“It’s so arbitrary,” said lawyer Robert Wynne, who intends to take legal action against the county on behalf of Zambrano. “Our point will be a due process and equal protection violation. You are treating people differently in the same situation.”
Zambrano’s tenant, Prak, also said he had a doctor’s recommendation to grow and wasn’t aware of the county’s medical marijuana ordinance. Prak said he uses it for cooking, smoking or putting in baths.
Prak’s plants were removed immediately without a determination of danger to public health, Wynne said following the hearing.
Zambrano said he collects rent from another tenant who lives at a home in the front of the property.
Under the county’s ordinance, medical marijuana is a danger to public health and safety and deputies can pull plants out and fine the grower and property owners, said Dan Cederborg, the county’s counsel. There are about a dozen lawsuits filed against the county for carrying out the ordinance, which has been enforced for 13 months.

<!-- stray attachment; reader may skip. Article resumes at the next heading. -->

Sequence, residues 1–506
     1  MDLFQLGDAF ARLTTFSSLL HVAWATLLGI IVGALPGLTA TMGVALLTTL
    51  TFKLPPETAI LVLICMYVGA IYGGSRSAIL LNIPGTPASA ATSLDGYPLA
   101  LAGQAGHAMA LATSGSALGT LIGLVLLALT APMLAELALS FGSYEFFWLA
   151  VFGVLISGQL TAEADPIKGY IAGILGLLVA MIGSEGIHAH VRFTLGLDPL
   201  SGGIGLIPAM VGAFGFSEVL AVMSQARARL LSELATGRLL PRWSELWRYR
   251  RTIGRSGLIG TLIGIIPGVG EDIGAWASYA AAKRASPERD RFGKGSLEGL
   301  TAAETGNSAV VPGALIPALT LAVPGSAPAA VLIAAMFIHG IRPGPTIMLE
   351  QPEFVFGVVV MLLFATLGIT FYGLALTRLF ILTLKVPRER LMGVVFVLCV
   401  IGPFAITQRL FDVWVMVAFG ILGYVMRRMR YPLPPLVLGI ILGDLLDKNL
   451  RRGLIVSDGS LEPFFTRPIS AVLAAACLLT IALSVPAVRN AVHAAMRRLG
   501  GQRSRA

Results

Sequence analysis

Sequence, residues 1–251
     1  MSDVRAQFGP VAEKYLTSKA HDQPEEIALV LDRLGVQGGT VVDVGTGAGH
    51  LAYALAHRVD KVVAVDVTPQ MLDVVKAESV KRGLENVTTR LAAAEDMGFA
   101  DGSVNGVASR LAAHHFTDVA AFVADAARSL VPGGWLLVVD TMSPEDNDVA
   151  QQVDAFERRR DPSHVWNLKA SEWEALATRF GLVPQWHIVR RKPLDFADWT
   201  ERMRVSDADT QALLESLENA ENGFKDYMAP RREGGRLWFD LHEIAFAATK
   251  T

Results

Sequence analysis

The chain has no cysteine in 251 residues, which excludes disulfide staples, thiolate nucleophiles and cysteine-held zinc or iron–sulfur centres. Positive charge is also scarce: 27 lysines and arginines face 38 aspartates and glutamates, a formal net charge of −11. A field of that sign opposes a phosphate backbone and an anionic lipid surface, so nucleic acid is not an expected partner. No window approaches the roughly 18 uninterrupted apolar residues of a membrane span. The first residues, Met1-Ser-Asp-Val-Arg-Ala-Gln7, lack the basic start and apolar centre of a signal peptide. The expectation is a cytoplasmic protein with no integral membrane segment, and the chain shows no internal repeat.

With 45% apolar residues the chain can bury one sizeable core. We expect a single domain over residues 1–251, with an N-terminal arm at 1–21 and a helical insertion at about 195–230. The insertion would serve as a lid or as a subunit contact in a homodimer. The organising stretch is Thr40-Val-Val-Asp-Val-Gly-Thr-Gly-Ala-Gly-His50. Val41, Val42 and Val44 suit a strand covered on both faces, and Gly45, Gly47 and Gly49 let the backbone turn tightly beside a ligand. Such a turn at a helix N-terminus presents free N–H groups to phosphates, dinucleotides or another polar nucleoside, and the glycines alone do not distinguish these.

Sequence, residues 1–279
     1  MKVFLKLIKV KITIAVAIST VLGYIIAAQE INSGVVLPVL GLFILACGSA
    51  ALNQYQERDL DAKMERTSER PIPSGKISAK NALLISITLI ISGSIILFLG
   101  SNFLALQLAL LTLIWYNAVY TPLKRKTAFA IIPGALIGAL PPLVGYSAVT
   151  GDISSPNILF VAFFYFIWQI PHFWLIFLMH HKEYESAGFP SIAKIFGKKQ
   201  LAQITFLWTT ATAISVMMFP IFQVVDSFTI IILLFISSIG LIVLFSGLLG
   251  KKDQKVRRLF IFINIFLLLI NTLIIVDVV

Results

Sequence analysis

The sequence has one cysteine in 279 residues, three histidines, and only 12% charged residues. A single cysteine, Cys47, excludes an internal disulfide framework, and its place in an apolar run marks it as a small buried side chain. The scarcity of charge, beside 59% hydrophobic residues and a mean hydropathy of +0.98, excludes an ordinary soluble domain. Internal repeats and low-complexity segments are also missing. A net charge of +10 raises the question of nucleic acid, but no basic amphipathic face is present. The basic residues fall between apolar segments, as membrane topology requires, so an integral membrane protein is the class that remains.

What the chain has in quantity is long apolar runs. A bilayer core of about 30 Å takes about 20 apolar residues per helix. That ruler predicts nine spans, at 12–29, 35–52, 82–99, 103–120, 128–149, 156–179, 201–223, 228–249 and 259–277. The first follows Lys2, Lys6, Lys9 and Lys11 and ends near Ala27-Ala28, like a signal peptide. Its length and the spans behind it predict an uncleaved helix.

Carl Hager was at risk of a $228,000 fine but was able to avoid it after he told supervisors he received a notice in the mail in October, two months after the plants were pulled. He said he didn’t know marijuana was grown on his property. Sheriff’s deputies said the plants were small when they were pulled in August and could have been planted only a month earlier. The day after getting the notice, Hager evicted his tenant, who was fined last year for the plants.
Following the hearing, Hager said he worried about the similarities of his case to Morales’. She was ordered to pay 10% of the fine. He told supervisors that he and his wife would have to sacrifice their daughter’s college education if he had to pay 10% of the $228,000 fine.
“I don’t think it’s a good ordinance,” he said. “You fine the people growing it and send an abatement ordinance to the landlord. I’m sorry I rented to him to begin with.”
Fresno County sheriff’s Sgt. Homer Montalvo said there is a decline in Fresno County marijuana gardens and that people are moving to other counties to cultivate.